Rochester School Board moves forward with plan to ask voters for funding renewal

The existing operating levy has been in place since 2015 and is set to expire in 2025 unless it's renewed or replaced.

Rochester Public Schools Superintendent Kent Pekel speaks about putting a funding proposal before voters during a school board meeting on Tuesday, March 21, 2023.
Jordan Shearer / Post Bulletin

ROCHESTER — As Rochester Public Schools nears the sunset of its existing operating levy, the district is getting ready to ask voters to renew the funding source.

The School Board on Tuesday directed Superintendent Kent Pekel to move forward with the process of putting a funding request before voters.

"That is an urgent priority," Pekel said.

The district's current operating levy provides roughly $16.7 million a year. That can vary, however, since it's based on the per-pupil amount of just over $900. The existing levy also can increase based on inflation without the district having to ask voters.

The existing levy has been in place since 2015 and is set to expire in 2025 unless it's renewed or replaced.


During Tuesday's meeting, Pekel said the administration has yet to determine how much the district would request from voters in the upcoming referendum. He also said they have yet to determine a timeline.

However, documentation for the meeting indicated the district could hold a referendum on the funding request this year.

The proposed referendum to renew the operating levy is just the latest step in a multi-year process by the school district to address a projected budget deficit.

During a separate agenda item, Chief Administration Officer John Carlson gave an update on the process of reducing the number of staff positions in the district, which is also part of the budgeting process. Although staffing and the proposed referendum are separate issues, they both directly relate to the school district's efforts to maintain a healthy budget.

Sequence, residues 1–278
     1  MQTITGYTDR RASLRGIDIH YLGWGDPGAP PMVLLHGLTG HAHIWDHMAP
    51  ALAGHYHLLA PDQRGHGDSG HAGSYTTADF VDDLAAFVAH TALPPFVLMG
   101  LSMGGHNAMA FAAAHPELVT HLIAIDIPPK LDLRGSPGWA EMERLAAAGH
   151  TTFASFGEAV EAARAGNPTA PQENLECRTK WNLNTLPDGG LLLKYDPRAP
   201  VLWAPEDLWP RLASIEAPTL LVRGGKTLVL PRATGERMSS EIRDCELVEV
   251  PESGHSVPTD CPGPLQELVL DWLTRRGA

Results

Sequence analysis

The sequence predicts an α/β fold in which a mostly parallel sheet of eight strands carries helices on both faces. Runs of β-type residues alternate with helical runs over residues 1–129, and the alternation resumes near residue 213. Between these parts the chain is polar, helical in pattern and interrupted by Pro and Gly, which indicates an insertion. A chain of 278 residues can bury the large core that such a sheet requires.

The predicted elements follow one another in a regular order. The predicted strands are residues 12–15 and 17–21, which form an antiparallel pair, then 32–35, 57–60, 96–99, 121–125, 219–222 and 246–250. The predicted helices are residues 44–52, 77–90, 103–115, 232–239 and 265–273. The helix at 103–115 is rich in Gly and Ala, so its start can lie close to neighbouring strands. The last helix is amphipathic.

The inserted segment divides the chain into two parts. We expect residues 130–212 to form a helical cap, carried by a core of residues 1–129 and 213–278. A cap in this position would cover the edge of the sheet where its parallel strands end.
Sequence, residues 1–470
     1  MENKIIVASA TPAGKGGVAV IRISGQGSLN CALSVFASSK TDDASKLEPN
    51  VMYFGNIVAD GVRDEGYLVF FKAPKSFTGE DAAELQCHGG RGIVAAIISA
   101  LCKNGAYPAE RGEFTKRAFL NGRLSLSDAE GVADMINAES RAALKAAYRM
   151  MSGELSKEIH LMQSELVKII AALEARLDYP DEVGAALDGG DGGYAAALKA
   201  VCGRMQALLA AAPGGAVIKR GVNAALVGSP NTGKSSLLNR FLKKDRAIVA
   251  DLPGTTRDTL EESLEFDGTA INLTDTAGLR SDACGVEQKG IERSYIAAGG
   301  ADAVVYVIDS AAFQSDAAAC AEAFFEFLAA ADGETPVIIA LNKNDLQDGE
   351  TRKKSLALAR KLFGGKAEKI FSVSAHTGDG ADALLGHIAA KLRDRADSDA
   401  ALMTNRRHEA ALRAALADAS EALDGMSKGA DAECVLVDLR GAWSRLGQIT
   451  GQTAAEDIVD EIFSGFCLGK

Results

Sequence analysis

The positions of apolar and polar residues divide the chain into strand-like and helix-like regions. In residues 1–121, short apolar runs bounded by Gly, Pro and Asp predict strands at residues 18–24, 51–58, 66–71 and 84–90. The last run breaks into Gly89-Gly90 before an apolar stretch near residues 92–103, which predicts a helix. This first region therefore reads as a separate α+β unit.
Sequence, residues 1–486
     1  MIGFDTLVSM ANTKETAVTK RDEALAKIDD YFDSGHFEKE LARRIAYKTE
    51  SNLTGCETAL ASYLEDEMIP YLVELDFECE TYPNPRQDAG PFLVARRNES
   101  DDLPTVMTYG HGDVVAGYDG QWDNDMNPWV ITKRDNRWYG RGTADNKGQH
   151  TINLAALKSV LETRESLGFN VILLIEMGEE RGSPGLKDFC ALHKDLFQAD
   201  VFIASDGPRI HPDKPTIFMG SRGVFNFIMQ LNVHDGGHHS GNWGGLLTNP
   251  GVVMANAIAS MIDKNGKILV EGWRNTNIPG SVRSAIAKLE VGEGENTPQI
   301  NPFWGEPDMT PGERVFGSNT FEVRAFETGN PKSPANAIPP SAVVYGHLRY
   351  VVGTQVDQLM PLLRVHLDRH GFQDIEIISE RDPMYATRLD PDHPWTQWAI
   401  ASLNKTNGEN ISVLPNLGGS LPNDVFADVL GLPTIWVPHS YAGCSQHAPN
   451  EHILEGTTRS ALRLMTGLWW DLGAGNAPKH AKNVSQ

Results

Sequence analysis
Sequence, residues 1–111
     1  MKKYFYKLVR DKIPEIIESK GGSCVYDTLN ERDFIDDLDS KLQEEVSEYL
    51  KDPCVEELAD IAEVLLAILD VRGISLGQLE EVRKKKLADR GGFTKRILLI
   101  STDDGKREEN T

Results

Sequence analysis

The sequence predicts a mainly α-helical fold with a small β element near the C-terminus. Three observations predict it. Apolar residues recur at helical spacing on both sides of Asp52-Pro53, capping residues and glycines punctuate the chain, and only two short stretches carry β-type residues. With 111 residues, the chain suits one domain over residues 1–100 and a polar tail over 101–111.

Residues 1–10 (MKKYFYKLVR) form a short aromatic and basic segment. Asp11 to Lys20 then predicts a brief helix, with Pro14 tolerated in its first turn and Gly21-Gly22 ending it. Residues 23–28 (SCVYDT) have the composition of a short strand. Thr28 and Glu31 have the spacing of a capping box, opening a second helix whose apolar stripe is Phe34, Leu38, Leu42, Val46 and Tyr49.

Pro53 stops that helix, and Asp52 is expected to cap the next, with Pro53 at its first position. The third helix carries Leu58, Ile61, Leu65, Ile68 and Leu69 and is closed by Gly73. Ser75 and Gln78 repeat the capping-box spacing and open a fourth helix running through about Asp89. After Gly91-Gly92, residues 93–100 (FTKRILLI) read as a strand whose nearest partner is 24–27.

Carlson said that between the current year to the coming school year, the district plans to reduce the number of full time equivalent positions by 104.3. Among that total, 46.8 will be teachers and 27.6 will be education support professionals (previously known as paraprofessionals).

Carlson reiterated, though, that many of the positions being eliminated are those that are currently unfilled. He said the process likely will result in lay offs for three teachers and five operations professionals.

What happened: The Rochester School Board directed Superintendent Kent Pekel to put together a referendum question to renew or replace the existing operating levy.

Why does this matter: The school district's operating levy provides more than $16 million annually, meaning the district would have to make substantial cuts if it were no longer around.

What's next: Pekel will return to the board with further details about the content of the referendum proposal as well as a timeline for it.

Jordan Shearer covers K-12 education for the Post Bulletin. A Rochester native, he graduated from Bemidji State University in 2013 before heading out to write for a small newsroom in the boonies of western Nebraska. Bringing things full circle, he returned to Rochester in 2020 just shy of a decade after leaving. Readers can reach Jordan at 507-285-7710 or
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